The solution to that circular reasoning is obviously not try and get the Throne... But they were not going to do that so...

Aerea wasn't Balerion's actual rider while she lived in Westeros and was part of the succession, her first ride on his back ended her after a gruesome fashion. 

Rhaenyra has plenty reason to believe Aemond wasn't gonna suffer the Strong boys to sit the throne before him or his brother, a matter that would be all but decided the moment Rhaenyra ascended the throne herself. Once Rhaenyra sits throne, appoints a new Hand, unexiles Daemon it's over. Bastardblood would succeed Rhaenyra.

Edited by Denam_Pavel
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11 minutes ago, Denam_Pavel said:

Aerea wasn't Balerion's actual rider while she lived in Westeros and was part of the succession, her first ride on his back ended her after a gruesome fashion. 

It's a hypothetical. Aerea was obviously not going to try and wrestle the Throne anyway. It's obvious that it's a hypothetical because non of those things or were likely to happen.:rolleyes:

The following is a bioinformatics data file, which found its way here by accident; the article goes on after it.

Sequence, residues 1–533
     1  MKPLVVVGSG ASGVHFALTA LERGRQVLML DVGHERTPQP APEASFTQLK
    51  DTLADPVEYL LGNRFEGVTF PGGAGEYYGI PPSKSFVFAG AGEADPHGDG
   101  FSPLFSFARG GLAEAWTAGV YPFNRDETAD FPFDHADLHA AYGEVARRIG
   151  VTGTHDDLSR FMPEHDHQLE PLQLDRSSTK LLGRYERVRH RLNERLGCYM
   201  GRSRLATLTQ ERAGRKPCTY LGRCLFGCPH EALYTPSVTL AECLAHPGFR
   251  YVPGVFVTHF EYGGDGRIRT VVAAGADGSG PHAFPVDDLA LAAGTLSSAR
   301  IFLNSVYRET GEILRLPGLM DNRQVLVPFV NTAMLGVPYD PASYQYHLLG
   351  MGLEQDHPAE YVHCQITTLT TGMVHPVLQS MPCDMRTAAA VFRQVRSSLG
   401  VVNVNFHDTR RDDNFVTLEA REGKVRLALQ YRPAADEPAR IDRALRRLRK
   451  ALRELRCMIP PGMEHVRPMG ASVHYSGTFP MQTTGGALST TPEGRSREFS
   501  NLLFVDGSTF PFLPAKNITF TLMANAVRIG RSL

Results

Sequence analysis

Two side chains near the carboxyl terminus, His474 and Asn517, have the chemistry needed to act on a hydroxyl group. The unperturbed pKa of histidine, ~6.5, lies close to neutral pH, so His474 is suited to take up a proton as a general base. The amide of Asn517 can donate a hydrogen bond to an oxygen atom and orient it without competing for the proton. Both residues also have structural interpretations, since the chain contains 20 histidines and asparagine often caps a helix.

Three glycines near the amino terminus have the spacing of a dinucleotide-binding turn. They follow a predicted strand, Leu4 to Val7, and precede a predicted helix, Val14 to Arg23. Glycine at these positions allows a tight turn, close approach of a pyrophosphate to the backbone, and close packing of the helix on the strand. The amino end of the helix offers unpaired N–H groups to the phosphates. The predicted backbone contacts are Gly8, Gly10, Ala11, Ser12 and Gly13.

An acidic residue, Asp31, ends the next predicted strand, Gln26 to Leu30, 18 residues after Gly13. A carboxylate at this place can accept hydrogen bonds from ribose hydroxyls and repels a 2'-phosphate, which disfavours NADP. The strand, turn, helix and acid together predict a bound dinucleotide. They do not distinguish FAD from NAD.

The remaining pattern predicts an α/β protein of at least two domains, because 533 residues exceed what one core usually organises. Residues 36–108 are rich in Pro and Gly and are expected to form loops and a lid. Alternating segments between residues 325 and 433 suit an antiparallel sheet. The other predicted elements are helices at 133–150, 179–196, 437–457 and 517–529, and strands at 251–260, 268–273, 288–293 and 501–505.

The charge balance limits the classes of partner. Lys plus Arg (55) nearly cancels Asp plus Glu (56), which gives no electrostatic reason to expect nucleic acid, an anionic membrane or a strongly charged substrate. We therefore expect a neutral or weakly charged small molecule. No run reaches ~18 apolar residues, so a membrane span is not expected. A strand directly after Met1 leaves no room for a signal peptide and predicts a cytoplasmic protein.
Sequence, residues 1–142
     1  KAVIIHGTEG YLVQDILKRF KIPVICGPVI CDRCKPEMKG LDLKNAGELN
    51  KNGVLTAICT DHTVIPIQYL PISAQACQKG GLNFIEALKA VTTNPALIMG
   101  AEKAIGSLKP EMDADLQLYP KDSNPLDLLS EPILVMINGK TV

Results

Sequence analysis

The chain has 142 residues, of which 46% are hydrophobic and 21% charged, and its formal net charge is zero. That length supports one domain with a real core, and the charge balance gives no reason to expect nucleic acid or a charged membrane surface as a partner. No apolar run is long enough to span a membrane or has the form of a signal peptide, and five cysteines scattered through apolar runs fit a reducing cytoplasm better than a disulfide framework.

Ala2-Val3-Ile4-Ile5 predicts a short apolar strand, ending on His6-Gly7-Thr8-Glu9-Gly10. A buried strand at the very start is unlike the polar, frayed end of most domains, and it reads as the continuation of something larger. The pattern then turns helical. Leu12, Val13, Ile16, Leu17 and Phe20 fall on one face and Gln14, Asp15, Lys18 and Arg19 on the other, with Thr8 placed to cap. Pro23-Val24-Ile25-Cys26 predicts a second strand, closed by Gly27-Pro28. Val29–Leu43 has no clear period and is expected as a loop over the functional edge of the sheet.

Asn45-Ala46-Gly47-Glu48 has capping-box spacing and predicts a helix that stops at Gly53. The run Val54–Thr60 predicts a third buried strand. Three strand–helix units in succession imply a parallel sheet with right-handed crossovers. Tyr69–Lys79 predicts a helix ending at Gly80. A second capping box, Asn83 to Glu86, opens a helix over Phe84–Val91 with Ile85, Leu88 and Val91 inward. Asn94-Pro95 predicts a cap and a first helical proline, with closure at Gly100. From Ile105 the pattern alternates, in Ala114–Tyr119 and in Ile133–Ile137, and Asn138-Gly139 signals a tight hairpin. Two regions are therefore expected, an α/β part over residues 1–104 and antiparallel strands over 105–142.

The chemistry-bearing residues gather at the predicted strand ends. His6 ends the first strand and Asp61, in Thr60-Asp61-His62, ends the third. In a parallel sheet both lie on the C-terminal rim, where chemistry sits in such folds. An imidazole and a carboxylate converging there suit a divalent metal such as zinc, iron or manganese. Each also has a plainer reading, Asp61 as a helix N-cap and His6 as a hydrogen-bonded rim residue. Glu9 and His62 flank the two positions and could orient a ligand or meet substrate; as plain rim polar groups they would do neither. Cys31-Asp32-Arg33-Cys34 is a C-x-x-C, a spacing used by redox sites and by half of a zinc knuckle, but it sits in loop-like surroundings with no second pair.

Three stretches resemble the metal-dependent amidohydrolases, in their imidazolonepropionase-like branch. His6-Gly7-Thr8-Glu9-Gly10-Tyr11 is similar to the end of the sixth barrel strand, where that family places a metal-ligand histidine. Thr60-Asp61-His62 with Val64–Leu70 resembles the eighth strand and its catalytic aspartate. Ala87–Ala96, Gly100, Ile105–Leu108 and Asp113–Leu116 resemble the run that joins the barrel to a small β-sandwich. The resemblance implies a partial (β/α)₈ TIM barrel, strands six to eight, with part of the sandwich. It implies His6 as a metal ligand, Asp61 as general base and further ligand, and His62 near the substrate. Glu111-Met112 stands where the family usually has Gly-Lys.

13 minutes ago, Denam_Pavel said:

Rhaenyra has plenty reason to believe Aemond wasn't gonna suffer the Strong boys to sit the throne before him or his brother

Did she?  Why? Because of the eye? Rhaenyra herself wasn't wary of him. Hell, by her words she intented to give him places of honor at her court.

Aemond himself dislikes Rhaenyra and her kids but he's pretty nonchalant. 

He asks whether Aegon is King or he has to kiss Rhaenyra's ass.

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4 minutes ago, frenin said:

It's a hypothetical. Aerea was obviously not going to try and wrestle the Throne anyway. It's obvious that it's a hypothetical because non of those things or were likely to happen.:rolleyes:

 

Did she?  Why? Because of the eye? Rhaenyra herself wasn't wary of him. Hell, by her words she intented to give him places of honor at her court.

Aemond himself dislikes Rhaenyra and her kids but he's pretty nonchalant. 

He asks whether Aegon is King or he has to kiss Rhaenyra's ass.